FTX founder Sam Bankman-Fried speaks virtually during his first public interview at the elite New York Times DealBook Summit in New York on Wednesday. | Michael M. Santiago/Getty Images “I’ve had a bad month,” said the former CEO of the fallen crypto exchange FTX, speaking at the DealBook Summit. Sam Bankman-Fried — the 30-year-old dethroned billionaire who fell from grace last month with the bankruptcy of his cryptocurrency exchange, FTX, and revelations of missing customer funds — was notably fidgety, hemmed and hawed over his answers, and seemed at times to martyr himself in much anticipated first public interview since his company, valued to be worth at least $32 billion, simply imploded. “I’ve had a bad month,” Bankman-Fried said at one point, an understatement that drew a burst of laughter from the audience at the New York Times’s DealBook Summit, an annual elite conclave of global corporate leaders, investors, politicians, and celebrities. The former wunderkind CEO, who had graced magazine covers, mingled with Washington power players, and funded philanthropic causes before the stunning collapse of his exchange, told the New York Times’s Andrew Ross Sorkin that he was down to one last credit card and about $100,000 in a bank account. He also said that his lawyers didn’t think it was a good idea for him to be speaking. Bankman-Fried said he was being given the “classic advice — don’t say anything. Recede into a hole.” “I think I have a duty to talk to people,” he said. “I have a duty to explain what happened.” What happened was the astonishing collapse of the cryptocurrency exchange Bankman-Fried founded, sending shock waves through not only financial and crypto circles but political and philanthropic ones as well. The company, currently in bankruptcy proceedings, is being investigated by the Justice Department and the Securities and Exchange Commission, according to the Wall Street Journal. At least $1 billion in FTX customer funds appears to be missing. Bankman-Fried, who had been seen as a rare billionaire serious about using his wealth to improve the world following a philosophy known as effective altruism, has now left philanthropic organizations to which he committed money grappling with funding gaps. FTX’s ruin has led to “crypto contagion” in the rest of the industry, ushering in widespread instability: BlockFi, a crypto lending company that FTX bailed out in July, also filed for bankruptcy this week, and the crypto exchange Kraken announced that it will lay off 30 percent of its workforce. (Disclosure: This August, Bankman-Fried’s philanthropic family foundation, Building a Stronger Future, awarded Vox’s Future Perfect a grant for a 2023 reporting project. That project is now on pause.) Bankman-Fried did not attend Wednesday’s event in person but was interviewed virtually from the Bahamas, where he’s been based since late 2021. When he came into view around 5 pm, his demeanor was subdued, compared with the fast-talking, frenetic energy he is known for during public appearances. In introducing Bankman-Fried, Sorkin pulled no punches: “The generous view is that you are a young man who made a series of terrible, terrible, very, very bad decisions. The less generous view is that you have committed a massive fraud.” Bankman-Fried’s answers seemed to push for the more generous read, but their vagueness failed to dispel the less kind perceptions the public holds. Bankman-Fried, who is well known for his unusual aesthetic — he loved to wear baggy shirts and shorts that communicated a kind of asceticism — wore a loose-fitting plain black T-shirt and sat in an unremarkable room with little more than a houseplant visible in a corner. At various points in the roughly hour-long Q&A, his body language was hunched, his head and gaze lowered as he answered a barrage of difficult questions from Sorkin, including where FTX customers’ money had gone, whether employees had used drugs, what he had told his Stanford law professor parents, and what he saw for his future. At one point, Sorkin referenced a letter he received from someone who accused the former billionaire of stealing about $2 million from him, asking why Bankman-Fried had “decided to steal my life savings.” Did Bankman-Fried think what he did was fraud? Bankman-Fried’s head hung as Sorkin read the letter. “I’m deeply sorry about what happened,” he said before quickly adding that, “to his knowledge,” FTX’s US platform was “fully solvent.” Moments earlier, he said, “I didn’t ever try to commit fraud on anyone.” Bankman-Fried appeared remarkably calm for a man some are comparing to Elizabeth Holmes and Bernie Madoff. He was repeatedly apologetic but maintained that he didn’t know the details of exactly what had happened and why — only that he had failed in his duty as the CEO of FTX, while emphasizing a lack of oversight and poor risk management. When Sorkin mentioned allegations that employees at FTX had used drugs, Bankman-Fried characterized himself as an innocent: “I had my first sip of alcohol after my 21st birthday,” he said, and said that FTX did not have wild parties, and that if there were parties, employees played board games. The DealBook Summit is a self-described space for “unguarded conversations about business, culture, and politics.” It’s set up as an elite gathering of people with the influence to shape the worlds of finance, business, and politics; a regular ticket has a $2,499 price tag. Among the panoply of famous names in attendance this year were Netflix CEO Reed Hastings, Amazon CEO Andy Jassy, Meta CEO Mark Zuckerberg, and Ukrainian President Volodymyr Zelenskyy. It has typically been a friendly stage for business leaders, and past interviewees include Elon Musk as well as venture capitalist and Republican megadonor Peter Thiel, Apple CEO Tim Cook, Twitter co-founder Jack Dorsey, and Microsoft co-founder and philanthropist Bill Gates. Last year’s virtual summit, however, invited disgraced WeWork founder Adam Neumann for his first interview about two years after the corporate scandal that tarnished his reputation. Unlike Neumann, Bankman-Fried did not wait two years after his public immolation to do an interview, and it seems he isn’t loath to attract more attention. Since FTX’s collapse, and since allegations of fraud surfaced a few weeks ago, Bankman-Fried has been uncommonly talkative on Twitter and with journalists. He was bewilderingly candid in a Twitter DM interview with Vox journalist Kelsey Piper, pulling back the curtain on the kind of reputation-polishing that, as Bankman-Fried implies, all powerful people — including himself — engage in. In his DMs, the mask of his image as a thoughtful philanthropist and diplomatic crypto spokesperson slipped; he said bluntly, on the issue of crypto regulation, “fuck regulators” and espoused the view that the world cared more about who they perceived as “winners” than people who were actually ethical. Bankman-Fried attempted to clarify and soften some of the comments in that interview at the DealBook Summit, saying that he genuinely cared about important issues such as animal welfare and pandemic prevention. But he stood firm on the idea that “doing good” was often a PR game that companies played. “There’s a bunch of bullshit that regulated companies do,” he said. “It’s just a PR campaign masquerading as do-gooderism.” He acknowledged that he, too, had participated in such PR campaigns. “Yeah. We all did.” After Bankman-Fried’s Vox interview, the current CEO of FTX, John Ray III (who helped restructure Enron when it went bankrupt), released a terse reminder on Twitter that Bankman-Fried no longer spoke on behalf of the company. On Wednesday, however, Bankman-Fried had plenty to say about FTX. Sorkin pressed him on the specifics of what had happened and what he had known, asking him early about whether there had been a commingling of funds between FTX and the trading firm Bankman-Fried had founded, Alameda Research. Alameda has been accused of borrowing FTX customers’ funds. “I didn’t knowingly commingle funds,” Bankman-Fried replied. He said he realized belatedly that FTX client money and Alameda money had been tied together “substantially more” than he would have wanted it to be. As Bankman-Fried continued to repeat that he hadn’t been aware of the true financials of both companies, Sorkin was blunt: “But, Sam, I think the question is whether you were supposed to have access to these [customer] accounts to begin with.” Bankman-Fried avoided that question, insisting again that he had little involvement in Alameda. Bankman-Fried’s presence at the summit raised numerous questions: Does hearing from a disgraced business leader on such a large stage help the public get closer to the truth about what happened? Or does it hand back some control to a powerful person, allowing them to prune their public image and inject an exculpatory spin on the unfolding narrative of FTX and of Bankman-Fried himself? When asked whether he had been honest during the interview, Bankman-Fried’s answer was a perfect encapsulation of the vagueness and word-twisting he’d displayed during the interview. “I was as truthful as, you know, I am knowledgeable to be,” he said. And then, as if he was thinking better of the hedging, he added: “Yes, I was.”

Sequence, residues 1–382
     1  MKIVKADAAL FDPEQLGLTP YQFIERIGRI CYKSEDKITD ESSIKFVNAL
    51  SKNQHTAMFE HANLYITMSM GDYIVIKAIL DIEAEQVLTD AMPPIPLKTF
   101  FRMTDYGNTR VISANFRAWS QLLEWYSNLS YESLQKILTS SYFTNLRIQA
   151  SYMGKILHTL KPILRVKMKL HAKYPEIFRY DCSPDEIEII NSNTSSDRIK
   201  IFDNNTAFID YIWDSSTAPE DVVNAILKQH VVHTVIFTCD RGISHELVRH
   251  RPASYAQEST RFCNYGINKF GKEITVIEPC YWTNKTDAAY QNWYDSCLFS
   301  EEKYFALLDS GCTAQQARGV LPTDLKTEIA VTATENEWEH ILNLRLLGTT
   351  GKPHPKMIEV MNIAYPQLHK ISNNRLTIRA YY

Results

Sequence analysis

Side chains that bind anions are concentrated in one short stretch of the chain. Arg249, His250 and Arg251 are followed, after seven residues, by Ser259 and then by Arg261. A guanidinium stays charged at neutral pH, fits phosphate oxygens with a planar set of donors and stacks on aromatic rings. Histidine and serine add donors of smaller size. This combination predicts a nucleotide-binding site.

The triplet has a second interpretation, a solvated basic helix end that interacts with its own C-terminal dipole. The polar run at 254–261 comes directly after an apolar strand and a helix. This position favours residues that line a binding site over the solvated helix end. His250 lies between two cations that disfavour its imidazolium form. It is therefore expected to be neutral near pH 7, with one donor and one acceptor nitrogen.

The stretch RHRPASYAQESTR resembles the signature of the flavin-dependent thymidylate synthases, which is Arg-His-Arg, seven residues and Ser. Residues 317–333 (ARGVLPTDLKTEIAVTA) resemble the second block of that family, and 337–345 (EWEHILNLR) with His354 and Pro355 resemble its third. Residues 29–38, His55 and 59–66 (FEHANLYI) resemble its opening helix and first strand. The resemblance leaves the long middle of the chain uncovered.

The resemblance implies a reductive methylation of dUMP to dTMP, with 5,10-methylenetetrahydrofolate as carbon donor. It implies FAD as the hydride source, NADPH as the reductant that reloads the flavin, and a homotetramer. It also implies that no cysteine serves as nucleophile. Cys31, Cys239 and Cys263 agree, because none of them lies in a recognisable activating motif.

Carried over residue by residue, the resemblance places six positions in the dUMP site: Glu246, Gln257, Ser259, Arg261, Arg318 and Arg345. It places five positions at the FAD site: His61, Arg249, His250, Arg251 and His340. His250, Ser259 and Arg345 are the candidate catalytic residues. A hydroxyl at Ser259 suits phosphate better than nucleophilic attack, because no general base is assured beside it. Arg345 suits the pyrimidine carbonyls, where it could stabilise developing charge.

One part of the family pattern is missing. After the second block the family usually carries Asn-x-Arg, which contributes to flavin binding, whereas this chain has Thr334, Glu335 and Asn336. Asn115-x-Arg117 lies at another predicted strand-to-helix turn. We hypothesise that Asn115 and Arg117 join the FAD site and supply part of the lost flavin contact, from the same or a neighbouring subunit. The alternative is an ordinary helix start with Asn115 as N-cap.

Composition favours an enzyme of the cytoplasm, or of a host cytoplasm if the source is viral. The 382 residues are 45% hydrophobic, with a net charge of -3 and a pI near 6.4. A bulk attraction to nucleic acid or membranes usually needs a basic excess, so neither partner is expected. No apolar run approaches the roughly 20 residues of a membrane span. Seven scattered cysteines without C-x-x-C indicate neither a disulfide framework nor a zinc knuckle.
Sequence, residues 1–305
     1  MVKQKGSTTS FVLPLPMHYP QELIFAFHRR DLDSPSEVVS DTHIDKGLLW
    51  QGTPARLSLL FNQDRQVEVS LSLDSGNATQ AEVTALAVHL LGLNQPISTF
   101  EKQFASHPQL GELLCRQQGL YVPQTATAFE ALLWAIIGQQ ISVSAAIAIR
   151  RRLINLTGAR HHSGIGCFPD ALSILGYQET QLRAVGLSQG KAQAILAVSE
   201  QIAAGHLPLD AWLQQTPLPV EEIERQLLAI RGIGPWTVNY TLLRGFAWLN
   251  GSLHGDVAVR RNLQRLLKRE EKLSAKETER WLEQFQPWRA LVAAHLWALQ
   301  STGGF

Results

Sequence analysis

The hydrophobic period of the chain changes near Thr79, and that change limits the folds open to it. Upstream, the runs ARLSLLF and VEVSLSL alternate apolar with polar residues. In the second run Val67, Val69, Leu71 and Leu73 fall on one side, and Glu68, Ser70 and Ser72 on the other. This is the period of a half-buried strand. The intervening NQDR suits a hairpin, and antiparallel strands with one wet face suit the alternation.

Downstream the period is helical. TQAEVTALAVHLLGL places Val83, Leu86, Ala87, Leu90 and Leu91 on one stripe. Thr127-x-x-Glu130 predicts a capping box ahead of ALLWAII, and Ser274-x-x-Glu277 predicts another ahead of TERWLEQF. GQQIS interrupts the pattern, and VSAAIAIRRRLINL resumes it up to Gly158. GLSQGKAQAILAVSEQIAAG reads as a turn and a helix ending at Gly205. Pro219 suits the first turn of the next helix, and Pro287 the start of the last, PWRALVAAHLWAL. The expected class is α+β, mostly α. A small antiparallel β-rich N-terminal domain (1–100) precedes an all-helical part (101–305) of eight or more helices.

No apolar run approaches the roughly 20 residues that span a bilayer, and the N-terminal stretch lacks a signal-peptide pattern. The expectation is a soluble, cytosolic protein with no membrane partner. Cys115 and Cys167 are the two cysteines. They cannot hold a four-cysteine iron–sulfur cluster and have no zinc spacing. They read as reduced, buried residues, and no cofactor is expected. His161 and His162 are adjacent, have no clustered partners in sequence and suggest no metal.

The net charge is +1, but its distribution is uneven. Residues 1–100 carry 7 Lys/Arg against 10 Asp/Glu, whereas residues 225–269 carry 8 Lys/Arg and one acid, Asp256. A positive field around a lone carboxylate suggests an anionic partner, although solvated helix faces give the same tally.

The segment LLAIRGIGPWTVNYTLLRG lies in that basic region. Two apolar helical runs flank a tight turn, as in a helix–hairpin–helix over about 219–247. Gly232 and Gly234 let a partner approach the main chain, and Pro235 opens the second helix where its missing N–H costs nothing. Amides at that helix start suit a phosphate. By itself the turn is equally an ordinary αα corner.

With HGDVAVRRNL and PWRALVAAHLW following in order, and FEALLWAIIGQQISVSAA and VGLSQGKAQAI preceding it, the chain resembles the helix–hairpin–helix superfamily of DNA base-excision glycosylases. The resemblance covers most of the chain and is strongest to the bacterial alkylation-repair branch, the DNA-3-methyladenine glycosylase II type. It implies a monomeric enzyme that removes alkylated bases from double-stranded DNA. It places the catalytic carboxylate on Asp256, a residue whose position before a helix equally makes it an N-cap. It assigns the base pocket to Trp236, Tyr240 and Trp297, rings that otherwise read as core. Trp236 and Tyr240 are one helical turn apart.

Idaho Student Killings: Local Police Clarify Prosecutor's Mixed Reports